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At Browne Academy, A Is for Adapting

Since September 2020, Browne Academy, a private school in Alexandria, has held in-person classes five days a week on campus.

A student of Browne Academy learning to re-create a nature documentary soundtrack for music and science.
(All photos: Polly Beam & Lucia Schaefer, Browne Academy)

Alexandria, VA – Since September 2020, Browne Academy, a private school in Alexandria, has held in-person classes five days a week on campus. It was a major undertaking for the teachers and staff, and their efforts have been nothing short of extraordinary. As the academy educators quickly adapted to new health protocols, they discovered how to effectively present their curriculum, improve communications among themselves, and improve their curriculum coordination.

Due to the pandemic, special courses like music and art at Browne are given over two weeks to lower health risks for students and teachers alike. The abbreviated time frame for each course encouraged the teachers to collaborate with their peers and innovatively offer fun, engaging classes. They accomplished this by integrating the arts throughout their curriculum, spanning multiple subjects taught within the campus.

Music specialist Lucia Schaefer described the integration as “a fluid combination of what students are doing in classes such as music and art, and what they are doing in more standard classes, like math and science.”

Schaefer explained the catalyst for the integration was the online sessions. At the start of the lockdown, she had more opportunities to pop into online sessions her fellow teachers were conducting. This, in turn, allowed her to discuss the curriculum and line up music lessons to correspond with the history or math being taught.

A pastel drawing of an axolotl, made by a student when learning about endangered species, radios and proportion, and pastel art.

“That’s how it started, and it went so well at the beginning of the year that it had kind of this snowball effect where core classroom teachers started coming to the art and music teachers asking, “Hey, this is coming up in our class soon, is there any natural connection to it?” said Schaefer.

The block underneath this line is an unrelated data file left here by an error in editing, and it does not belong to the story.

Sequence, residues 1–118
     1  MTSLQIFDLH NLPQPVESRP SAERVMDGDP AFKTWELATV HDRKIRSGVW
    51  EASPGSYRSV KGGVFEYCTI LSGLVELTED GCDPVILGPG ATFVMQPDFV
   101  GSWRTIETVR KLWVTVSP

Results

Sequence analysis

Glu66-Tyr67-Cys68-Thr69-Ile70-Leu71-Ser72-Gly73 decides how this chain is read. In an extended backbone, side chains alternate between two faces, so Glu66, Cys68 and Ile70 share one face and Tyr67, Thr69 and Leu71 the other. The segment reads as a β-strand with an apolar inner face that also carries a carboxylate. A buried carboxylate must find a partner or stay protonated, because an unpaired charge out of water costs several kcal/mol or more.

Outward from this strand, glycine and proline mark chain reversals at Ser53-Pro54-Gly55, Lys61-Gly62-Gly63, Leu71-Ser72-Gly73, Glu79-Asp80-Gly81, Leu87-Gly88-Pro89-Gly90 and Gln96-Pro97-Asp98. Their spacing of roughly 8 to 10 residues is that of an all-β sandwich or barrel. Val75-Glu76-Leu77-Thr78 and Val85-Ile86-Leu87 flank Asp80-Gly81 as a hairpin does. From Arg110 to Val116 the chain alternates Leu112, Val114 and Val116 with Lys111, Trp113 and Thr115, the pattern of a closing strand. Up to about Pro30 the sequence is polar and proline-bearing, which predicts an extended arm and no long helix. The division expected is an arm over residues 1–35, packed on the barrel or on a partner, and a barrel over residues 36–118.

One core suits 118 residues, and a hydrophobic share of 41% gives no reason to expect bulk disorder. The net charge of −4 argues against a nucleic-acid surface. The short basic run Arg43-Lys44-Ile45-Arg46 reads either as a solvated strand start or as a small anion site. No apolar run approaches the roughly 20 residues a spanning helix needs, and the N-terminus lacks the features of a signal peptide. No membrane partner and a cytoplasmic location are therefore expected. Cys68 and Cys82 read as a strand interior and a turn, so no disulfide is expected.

An example of this was Schaefer’s unit on line dancing. She and the school’s math teachers planned lessons to take place when students learned about angles and rotation. Schaefer described how she incorporated math into her course by using math vocabulary and having students compose line dances on the coordinate plane, thereby increasing students’ understanding of both musical composition and mathematics.

“If there’s a natural and logical connection, and nothing is forced, we try to line our units up to match with each other,” Schaefer added.

Polly Beam, a visual arts specialist, said, “By integrating the arts into the standard classes, the excitement that many students have for their special courses spills into the history and science classes. Students can make connections that they didn’t before.

“I’ve gotten to know my colleagues a lot better, and I feel like it’s easier to work as a team because we see each other more often,” Beam added. “It’s been neat to see people come to us with ideas. This has been such a difficult year for teachers everywhere. I feel that in some ways, this year pushed many of us to take risks we would otherwise have taken a lot more time to try. And if we could handle it through these rough times, I’m sure this integration will only be stronger in the future.”

Likewise, students have enjoyed their expanded courses. Sam B., a fifth-grade student, said it was really fun to mix his classes and discussed how it affected his dedication to getting his work done.

Clay Sarcophagus created by students at Browne while learning about the culture of Ancient Egyptians.

“It’s very rewarding,” he said, “because when we combine multiple classes, we have much bigger assignments that count as grades toward multiple classes. They are much larger and long-term, but once you finish one of these assignments, you’re able to look back at it and see both all the work that you accomplished and also how the courses all connect to each other.”

Browne’s educators agreed that while the lockdown pushed them to take risks, they hope that they will continue to connect their courses in innovative ways in the years to come.

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